Shakespeare and the supernatural explores the supernatural in Shakespearean drama, taking account of historical contexts and meanings together with contemporary approaches to these aspects in performance on stage, screen and in popular culture. Supernatural elements constitute a significant dimension of Shakespeare’s plays, contributing to their dramatic power and intrigue: ghosts haunt political spaces and psyches; witches foresee the future; fairies meddle with love; natural portents foreshadow events; and a magus conjures a tempest. Although written and performed for early modern audiences, for whom the supernatural was still part of the fabric of everyday life, the plays’ supernatural elements continue to enthral us and maintain their ability to raise questions in contemporary contexts. The collection considers a range of issues through the lens of five key themes: the supernatural and embodiment; haunted spaces; supernatural utterance and haunted texts; magic, music and gender; and present-day transformations. The volume presents an introduction to the field, covering terminology and the porous boundaries between ideas of nature, the preternatural and the supernatural, followed by twelve chapters from an international range of contemporary Shakespeare scholars whose work interrogates the five themes. They provide new insights into the central issues of how Shakespeare constructs the supernatural through language and how supernatural dimensions raise challenges of representation and meaning for critics and creators. Shakespeare and the supernatural will appeal to scholars, dramatists, teachers and students, providing valuable resources for readers interested in Shakespeare or the supernatural in drama, whether from literary, historical, film or performing arts perspectives.

Victoria Bladen

In Shakespeare’s England, ghosts were problematic, associated with Catholic ideas about Purgatory. However, ghosts proved popular on the early modern stage, and in Shakespeare’s plays the throne is a particularly haunted space. In Hamlet, Julius Caesar, Richard III and Macbeth, political leaders encounter ghosts who had held power themselves or who were murdered as part of the brutal process of obtaining political power. Ghosts not only unsettle the boundary between life and death in these plays but also question monarchs’ positions, undermining assumptions of legitimacy. Pursuant to the theory of the king’s two bodies, the spirit of divine kingship passed seamlessly to the next legitimate ruler, but in cases of rupture, where power did not legitimately pass, the spirit of ‘authentic’ monarchy could be left disembodied, thus constituting a spectral presence displaced from the political body. Shakespeare was intensely interested in cases of rupture. This chapter explores the ghosts in these four plays, examining how they haunt political spaces, and resonate with the additional spectre, the second ghost, of the disembodied, legitimate ruler.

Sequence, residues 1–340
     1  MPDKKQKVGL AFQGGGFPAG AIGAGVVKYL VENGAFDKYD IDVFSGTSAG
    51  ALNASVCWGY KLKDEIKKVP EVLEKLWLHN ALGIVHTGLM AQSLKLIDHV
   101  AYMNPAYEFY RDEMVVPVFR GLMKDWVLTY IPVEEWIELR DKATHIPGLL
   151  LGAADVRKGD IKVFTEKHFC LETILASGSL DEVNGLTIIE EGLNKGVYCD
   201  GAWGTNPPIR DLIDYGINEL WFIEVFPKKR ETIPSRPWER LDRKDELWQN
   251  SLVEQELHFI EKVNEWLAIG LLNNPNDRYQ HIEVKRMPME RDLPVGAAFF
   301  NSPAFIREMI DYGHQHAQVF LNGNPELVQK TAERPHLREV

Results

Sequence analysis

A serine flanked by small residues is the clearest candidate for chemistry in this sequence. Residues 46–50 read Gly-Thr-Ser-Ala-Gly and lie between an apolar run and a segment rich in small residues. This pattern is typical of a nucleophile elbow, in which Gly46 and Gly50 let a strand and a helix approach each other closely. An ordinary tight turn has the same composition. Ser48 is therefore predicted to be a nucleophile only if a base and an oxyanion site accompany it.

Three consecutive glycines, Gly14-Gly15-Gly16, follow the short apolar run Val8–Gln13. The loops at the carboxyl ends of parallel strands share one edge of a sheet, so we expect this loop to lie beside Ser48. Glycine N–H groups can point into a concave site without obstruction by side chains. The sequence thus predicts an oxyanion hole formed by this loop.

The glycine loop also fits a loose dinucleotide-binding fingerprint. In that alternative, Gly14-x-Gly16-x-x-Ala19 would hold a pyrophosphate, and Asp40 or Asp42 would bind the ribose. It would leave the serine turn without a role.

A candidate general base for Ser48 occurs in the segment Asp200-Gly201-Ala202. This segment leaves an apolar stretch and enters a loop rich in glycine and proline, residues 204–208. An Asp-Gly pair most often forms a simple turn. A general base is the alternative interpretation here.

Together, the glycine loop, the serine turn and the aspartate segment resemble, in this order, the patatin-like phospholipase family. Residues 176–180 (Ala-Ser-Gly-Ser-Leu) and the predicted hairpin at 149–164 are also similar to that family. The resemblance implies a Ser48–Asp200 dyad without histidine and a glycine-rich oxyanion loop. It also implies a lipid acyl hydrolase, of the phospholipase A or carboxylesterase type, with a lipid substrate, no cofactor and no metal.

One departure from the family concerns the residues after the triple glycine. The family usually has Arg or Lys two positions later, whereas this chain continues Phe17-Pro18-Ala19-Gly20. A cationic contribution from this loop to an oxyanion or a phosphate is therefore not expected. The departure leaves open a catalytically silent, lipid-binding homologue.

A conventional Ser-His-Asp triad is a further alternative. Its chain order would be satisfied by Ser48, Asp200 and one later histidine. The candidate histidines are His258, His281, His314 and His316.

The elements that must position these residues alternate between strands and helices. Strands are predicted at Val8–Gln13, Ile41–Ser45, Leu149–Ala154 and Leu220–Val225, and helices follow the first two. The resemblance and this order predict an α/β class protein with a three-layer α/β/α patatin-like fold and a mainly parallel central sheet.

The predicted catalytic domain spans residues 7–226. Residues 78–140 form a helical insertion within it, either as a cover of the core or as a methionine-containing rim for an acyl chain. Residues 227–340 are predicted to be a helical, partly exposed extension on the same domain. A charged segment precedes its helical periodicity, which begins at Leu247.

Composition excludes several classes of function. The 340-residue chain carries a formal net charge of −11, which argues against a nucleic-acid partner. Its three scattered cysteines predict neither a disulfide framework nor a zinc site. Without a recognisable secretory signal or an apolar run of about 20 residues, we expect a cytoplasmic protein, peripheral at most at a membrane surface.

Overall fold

in Shakespeare and the supernatural
Transformations of witchcraft in Macbeth discourse
William C. Carroll

This chapter analyses how the Macbeth narrative first appeared (in terse accounts a few decades after the historical Macbeth’s death in 1057 CE) without any hint of witchcraft; accounts of Duncan’s death – in battle, not in a secret murder – emphasised his weakness as a king. The story gradually acquired witches and their prophecies through the imaginations of early Scottish chroniclers, especially in Hector Boece’s 1527 Historia Gentis Scotorum. After Shakespeare’s masterful representation of the ‘wayward sisters’ in Macbeth, the witches began to multiply in number, sing, and become semi-comic figures in Restoration adaptations (including a parody of them as early as 1674). Whatever their nature originally, the witches are now always connected to prophecy and dream.

in Shakespeare and the supernatural
Abstract only
Richard Hillman

This chapter brings three principal French intertexts (and some secondary ones) to bear on A Midsummer Night’s Dream. It first argues that Dream evokes a recent play comically adapting Italianate pastoral conventions, La Diane, by Nicolas de Montreux (1594). The next key intertext explored is Le proumenoir (1594), by Marie de Gournay, which offers a feminist slant on the histoire tragique as exemplified by her source, the Champs faëz of Claude de Taillemont. Gournay’s novel presents love as tragic, particularly for women as victims of male inconstancy, as in the legend of Theseus and Ariadne. Gournay introduces this exemplum through the Epithalamium of Catullus, where it counterpoints celebration of a mythical marriage – an effect matching the intrusion of sombre overtones on Shakespeare’s representation of marriage as comic fulfilment. Finally foregrounded is the relation between the burlesque ‘tragedy’ of Pyramus and Thisbe staged by Shakespeare’s Mechanicals and an anonymous Moralité, which illuminates the Mechanicals’ absurd approach to theatrical challenges. Also considered is a poetic reworking of Ovid’s narrative by Antoine de Baïf, which anticipates Shakespeare’s embellishment of this material with humanist trappings. These intertexts highlight the parodic potential Shakespeare exploited in insinuating the fragility of generic boundaries.

in The Shakespearean comic and tragicomic